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April 7, 2017

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Connections

April 7, 2017

 

Many argue that music is, in fact, NOT a universal language. The vast diversity of music around the world is astounding, and within each region, culture, and subculture, the "music language" varies greatly. While this is true, I would also add that the human tendency for music IS universal. We embody rhythm in our walking, sleeping, and waking and we communicate in melodic phrases and cadences.

 

In my experience as a music therapist, I have learned that one of the key factors for a successful music therapy experience is the relationship between the patient and the therapist. Often, my patients struggle to communicate with their family, friends, and caregivers. Cultural and language barriers also pose a great challenge to developing relationships. Despite this, music provides a new language with which to connect.

 

During a short-term mission trip to India last summer, I experienced a beautiful moment in which music bridged a gap between language, age, and culture.

 

The summer team and I visited a home for older adults that is run by a gracious group of Roman Catholic nuns. This place is for seniors who have no family, or whose family cannot care for them. In India, the family structure is very important, and children are expected to care for their parents in the home when they become frail. However, sometimes families are unable or unwilling to care for their elders. It is difficult to find assisted living and retirement facilities like we have in America, and often, there are many people who fall through the cracks of society.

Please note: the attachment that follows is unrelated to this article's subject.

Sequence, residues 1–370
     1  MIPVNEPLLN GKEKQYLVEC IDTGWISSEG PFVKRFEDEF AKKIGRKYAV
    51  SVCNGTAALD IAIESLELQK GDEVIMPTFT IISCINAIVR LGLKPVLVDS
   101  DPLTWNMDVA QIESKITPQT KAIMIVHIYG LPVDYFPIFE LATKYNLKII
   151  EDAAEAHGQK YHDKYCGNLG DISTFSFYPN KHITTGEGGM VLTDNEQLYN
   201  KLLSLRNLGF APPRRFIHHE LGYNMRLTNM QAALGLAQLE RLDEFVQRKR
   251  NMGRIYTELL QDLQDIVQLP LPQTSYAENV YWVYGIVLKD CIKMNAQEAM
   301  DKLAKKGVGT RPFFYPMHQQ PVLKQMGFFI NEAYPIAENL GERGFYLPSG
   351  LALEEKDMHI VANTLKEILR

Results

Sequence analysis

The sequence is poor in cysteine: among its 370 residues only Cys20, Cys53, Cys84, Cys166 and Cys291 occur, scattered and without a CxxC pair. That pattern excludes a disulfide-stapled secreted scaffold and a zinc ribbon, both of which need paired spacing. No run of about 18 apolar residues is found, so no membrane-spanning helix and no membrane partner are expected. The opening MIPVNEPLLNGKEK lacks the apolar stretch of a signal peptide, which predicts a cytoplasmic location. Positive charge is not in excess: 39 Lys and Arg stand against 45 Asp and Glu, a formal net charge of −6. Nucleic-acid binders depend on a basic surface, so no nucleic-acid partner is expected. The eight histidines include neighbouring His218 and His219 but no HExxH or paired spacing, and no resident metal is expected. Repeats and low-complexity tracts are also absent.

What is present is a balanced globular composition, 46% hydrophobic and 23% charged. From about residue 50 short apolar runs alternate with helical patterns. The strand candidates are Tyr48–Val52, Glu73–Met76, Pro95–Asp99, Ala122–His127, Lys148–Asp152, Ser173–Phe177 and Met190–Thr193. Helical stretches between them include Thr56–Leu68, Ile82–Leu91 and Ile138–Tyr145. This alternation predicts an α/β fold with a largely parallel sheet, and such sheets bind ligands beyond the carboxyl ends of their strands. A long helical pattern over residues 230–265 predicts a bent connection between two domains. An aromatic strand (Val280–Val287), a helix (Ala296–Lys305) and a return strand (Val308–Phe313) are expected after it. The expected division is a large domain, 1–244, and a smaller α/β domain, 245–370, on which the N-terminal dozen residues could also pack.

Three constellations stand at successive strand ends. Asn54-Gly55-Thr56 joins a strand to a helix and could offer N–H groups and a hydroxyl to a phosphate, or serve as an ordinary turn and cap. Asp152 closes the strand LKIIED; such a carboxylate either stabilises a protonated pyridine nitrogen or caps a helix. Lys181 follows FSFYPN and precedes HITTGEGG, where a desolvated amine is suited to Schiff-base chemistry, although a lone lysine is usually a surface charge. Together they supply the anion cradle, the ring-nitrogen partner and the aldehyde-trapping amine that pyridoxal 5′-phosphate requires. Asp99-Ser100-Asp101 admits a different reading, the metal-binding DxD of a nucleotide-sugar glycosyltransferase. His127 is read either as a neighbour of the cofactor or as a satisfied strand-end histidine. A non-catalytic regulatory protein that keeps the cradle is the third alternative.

As I walked down the hallway, I noticed a blind, frail woman leaning against her doorway sobbing to Martha (the Project India facilities manager). The woman spoke only Telugu, so I asked Martha to translate. She was weeping because her children had left her, and was separated from her family and her home. I felt her distress, and I asked if I could sing for her. She accepted, and proceeded to squat down to the ground, with palms together in the middle of her chest. As she listened to the Telugu lyrics, her sobs decreased and a gentle smile came across her face. When I finished, she repeated “Vandanalu” (“Thank you”) and bowed over and over again. The song was simple, but I sensed that the connection between us was a blessing to her, as well as me.

 

During my short visits to Mori, India in 2013 and 2016, I experienced many of these unplanned, beautiful moments in which music helped build a relationship. Through these connections, I felt God inspiring me to return to serve the community through music. I will be staying in Mori for a year, teaching music at Riverside School and doing community outreach music therapy. I look forward to what God has in store for me, and I plan to share my stories here on my website. Subscribe to my mailing list, so you don't miss an update!

 

 

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